In Jan. 15, 1997, Princess Diana walked through an active minefield in Angola. Here's how land mine ban advocate Paul Heslop, who helped Diana detonate a land mine in front of an audience of international reporters, remembers the day.
Before Donald Trump was president-elect, Daily Show host Trevor Noah compared him to various African dictators. But the comparison doesn't hold up all that well — well, until you get to the nepotism part.
When Angola was still a colony of Portugal, dance clubs in Angola produced a kind of distinct music that took fire and eventually took Portugal by storm. Now, a new band of Portugese and Angolans is taking that old kuduro sound and turning it into new music.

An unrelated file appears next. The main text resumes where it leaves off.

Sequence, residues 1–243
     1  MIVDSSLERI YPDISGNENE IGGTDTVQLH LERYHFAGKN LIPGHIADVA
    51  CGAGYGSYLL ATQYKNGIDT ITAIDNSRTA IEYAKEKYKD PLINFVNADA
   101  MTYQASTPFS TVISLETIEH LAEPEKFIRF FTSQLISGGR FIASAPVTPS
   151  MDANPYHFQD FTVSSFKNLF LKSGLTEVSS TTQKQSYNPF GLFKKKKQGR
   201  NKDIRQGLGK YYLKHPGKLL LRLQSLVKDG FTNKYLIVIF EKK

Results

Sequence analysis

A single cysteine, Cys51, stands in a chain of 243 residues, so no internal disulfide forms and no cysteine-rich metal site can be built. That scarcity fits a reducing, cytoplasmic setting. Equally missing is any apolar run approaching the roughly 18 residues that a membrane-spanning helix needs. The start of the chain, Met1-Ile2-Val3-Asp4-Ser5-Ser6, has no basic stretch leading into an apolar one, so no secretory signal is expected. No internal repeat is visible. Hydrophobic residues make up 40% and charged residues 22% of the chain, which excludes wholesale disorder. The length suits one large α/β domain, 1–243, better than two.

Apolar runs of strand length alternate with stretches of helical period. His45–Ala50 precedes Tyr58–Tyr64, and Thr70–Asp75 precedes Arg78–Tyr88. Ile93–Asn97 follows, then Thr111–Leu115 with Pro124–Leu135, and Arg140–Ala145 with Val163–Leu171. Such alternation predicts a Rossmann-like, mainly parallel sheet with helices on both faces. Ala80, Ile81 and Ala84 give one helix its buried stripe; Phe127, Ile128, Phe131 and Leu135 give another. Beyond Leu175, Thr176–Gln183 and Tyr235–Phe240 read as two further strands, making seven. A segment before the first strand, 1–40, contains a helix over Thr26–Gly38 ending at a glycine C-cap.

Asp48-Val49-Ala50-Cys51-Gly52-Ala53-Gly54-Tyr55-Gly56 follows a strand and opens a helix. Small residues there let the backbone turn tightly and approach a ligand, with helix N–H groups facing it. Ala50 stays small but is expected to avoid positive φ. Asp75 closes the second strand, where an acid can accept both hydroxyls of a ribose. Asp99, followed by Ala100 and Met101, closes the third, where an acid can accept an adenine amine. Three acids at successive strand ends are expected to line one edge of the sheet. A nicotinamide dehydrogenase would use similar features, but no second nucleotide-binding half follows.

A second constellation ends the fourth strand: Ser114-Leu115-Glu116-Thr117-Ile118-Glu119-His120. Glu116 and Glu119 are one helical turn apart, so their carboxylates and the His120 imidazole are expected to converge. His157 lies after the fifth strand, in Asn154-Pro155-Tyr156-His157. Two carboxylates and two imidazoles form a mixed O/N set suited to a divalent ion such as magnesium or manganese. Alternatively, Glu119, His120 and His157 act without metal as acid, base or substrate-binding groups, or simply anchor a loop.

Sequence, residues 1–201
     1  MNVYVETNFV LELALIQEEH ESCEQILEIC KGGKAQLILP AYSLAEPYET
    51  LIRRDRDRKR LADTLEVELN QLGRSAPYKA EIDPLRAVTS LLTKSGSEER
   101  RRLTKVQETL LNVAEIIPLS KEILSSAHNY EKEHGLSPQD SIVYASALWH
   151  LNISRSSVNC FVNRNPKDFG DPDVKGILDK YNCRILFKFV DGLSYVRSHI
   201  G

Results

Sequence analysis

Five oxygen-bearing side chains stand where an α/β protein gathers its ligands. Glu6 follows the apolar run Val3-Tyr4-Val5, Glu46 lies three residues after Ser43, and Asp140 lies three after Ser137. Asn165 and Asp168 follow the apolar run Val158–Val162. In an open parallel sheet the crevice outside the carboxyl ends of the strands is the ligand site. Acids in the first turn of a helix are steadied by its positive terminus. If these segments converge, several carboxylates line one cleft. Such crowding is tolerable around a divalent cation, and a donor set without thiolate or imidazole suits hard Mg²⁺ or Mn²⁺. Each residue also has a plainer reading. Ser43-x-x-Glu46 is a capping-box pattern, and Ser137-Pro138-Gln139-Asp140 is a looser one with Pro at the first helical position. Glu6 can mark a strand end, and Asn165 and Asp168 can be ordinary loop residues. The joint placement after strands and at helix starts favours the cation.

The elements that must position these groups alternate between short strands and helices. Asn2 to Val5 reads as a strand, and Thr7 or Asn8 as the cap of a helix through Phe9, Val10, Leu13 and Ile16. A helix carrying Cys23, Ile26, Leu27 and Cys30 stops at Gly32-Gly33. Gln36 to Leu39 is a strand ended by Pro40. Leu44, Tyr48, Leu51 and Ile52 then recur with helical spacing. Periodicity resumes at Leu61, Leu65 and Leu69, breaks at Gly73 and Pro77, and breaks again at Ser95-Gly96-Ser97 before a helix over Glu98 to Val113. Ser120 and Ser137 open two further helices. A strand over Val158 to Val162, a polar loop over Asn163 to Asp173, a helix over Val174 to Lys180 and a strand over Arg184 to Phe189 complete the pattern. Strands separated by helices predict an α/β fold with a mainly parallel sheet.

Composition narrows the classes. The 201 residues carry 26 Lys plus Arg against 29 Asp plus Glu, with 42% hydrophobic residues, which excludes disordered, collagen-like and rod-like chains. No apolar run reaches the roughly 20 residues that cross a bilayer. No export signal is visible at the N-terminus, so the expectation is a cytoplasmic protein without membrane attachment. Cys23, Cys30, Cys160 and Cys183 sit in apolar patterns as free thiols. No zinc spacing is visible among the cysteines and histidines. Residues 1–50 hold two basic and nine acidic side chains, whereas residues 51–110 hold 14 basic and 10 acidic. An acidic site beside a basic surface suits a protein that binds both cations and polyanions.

Buraka Som Sistema has been creating a unique take on Angolan kuduro music. The group's sound initially struck a chord with Lisbon's young clubgoers, and ever since they've been heating up dance floors around the globe. Reporter Mirissa Neff has more.
Angola underwent first democratic elections in 16 years, but already many feel there is something amiss. Amidst reports that people were bussed in from neighboring Congo to vote, the opposition party is calling for a recount as additional reports of voters receiving handouts of cash, alcohol and cars from the ruling party continue to circulate.
Secretary of State Hillary Clinton is about to begin her seven-country tour of the African continent. To examine her agenda and its possible implications, The Takeaway is joined by Will Ross of the BBC, and New America Foundation fellow Steve Clemons.